It's a story about getting old and going straight, selling out to the Man and feeling crappy about it but doing it anyway because the world is moving on and you're too worn out to keep fighting. Salty old gunslinger Pat Garrett takes a job as sheriff, and the first thing he has to do -- the thing they hired him for -- is to bring down his pal Billy the Kid. The whole movie's a vast, gorgeous, gritty, epic love poem to the crumbling myths and disappearing rawness of the west; if you don't believe me try watching Slim Pickens' slow, gutshot walk to die at creekside without getting choked up.
It also has one of the best mini-odes to a willing dame ever grunted by a greasy barkeep:
"She got a ass on her ... like a forty dollar cow ... and a tit ... I'd like to see that thing filled with tequila."
Like I said. Poetry.
Pet peeves for today:
I hate it when people say things like "one of our finest novelists," or "among our best young actors," as if they are part of some mysterious corporation that owns the talent and creativity of artistic types. Annoying.
John Graham hates it when, every time someone looks through binoculars in the movies or on TV, the edges of the screen are blacked in to form the shape of two conjoined circles, like the eyeholes in a pair of binoculars. Think about it. When you look through binoculars, do you see the view in two conjoined circles? No, you don't. Through the magic of technology, you see it just as you would without the binocs, only closer. Amazing! (I'm watching the Oscars right now and a goofy little montage just reminded me of that.)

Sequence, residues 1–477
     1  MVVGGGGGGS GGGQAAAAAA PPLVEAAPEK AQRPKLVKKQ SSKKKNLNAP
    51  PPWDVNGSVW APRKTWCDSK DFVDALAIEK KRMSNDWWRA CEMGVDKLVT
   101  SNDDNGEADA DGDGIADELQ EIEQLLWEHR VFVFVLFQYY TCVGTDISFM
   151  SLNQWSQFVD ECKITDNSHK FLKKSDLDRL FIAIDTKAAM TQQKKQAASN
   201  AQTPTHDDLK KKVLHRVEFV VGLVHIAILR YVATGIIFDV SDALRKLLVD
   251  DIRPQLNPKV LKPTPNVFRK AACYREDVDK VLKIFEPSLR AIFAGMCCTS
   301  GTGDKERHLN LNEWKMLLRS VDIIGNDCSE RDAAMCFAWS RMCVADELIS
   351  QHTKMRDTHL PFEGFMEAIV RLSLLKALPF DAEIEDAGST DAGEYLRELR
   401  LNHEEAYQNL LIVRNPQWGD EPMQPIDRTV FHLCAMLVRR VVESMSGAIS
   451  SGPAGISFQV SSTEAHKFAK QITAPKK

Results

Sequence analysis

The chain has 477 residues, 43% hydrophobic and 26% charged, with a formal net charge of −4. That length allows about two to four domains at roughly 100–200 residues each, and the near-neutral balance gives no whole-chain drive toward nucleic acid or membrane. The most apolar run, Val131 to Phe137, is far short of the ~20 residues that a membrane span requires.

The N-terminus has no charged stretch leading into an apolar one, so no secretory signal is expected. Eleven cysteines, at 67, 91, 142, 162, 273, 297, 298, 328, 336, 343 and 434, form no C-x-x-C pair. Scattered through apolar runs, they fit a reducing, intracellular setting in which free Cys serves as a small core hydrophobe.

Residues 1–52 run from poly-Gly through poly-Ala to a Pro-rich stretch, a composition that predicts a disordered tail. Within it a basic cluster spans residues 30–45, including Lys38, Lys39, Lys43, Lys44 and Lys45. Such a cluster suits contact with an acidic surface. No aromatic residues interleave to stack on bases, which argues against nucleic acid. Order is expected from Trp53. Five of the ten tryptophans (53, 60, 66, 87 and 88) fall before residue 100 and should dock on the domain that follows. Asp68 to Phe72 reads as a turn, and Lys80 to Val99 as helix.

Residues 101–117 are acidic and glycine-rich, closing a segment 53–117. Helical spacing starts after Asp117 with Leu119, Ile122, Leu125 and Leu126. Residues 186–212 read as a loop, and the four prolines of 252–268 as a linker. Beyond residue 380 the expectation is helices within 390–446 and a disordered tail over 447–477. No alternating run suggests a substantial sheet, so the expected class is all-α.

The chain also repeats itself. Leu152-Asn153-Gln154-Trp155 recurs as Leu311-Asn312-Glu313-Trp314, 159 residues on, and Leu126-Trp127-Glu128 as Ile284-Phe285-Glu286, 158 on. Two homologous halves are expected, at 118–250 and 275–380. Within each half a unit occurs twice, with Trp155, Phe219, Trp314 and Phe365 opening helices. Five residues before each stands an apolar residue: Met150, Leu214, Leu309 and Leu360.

Also, straight from the supermarket checkout-line tabloids: I hereby ban the suddenly ubiquitous and totally barfy use of the term "bump" for preggy bellies. So disgusting.
Speaking of checkout-line tabloids, another outrage:
Here's the cover of the Feb 21 issue of Rolling Stone. Headline: "Britney Spears: Inside an American Tragedy." Hmm. Is Britney tragic, really?
And then, in tiny print over to the side, stuck between SHERYL CROW and ZEP TOUR UPDATE: "Heath Ledger." Yes...ever so much less tragic a loss than Britney's pop starlet career. (I mean, I know it's a music magazine, but still.)
Well, getting back to the realm of the indisputable: A very smart fellow recently gave me a list of Dylan songs I need to get in order to further my enlightenment. Now I know this may sound crazy, but I'm told you can "download" songs of music from the World Wide Web these days. Can this be true? I've had no luck with it so far. If any of you clever young people out there can tell me how to do it, I'd be much obliged.